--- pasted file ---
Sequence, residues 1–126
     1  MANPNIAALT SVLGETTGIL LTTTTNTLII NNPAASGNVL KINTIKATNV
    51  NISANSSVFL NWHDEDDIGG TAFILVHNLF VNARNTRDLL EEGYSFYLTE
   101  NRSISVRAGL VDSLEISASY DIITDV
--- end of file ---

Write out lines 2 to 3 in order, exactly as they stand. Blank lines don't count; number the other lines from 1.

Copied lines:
     1  MANPNIAALT SVLGETTGIL LTTTTNTLII NNPAASGNVL KINTIKATNV
    51  NISANSSVFL NWHDEDDIGG TAFILVHNLF VNARNTRDLL EEGYSFYLTE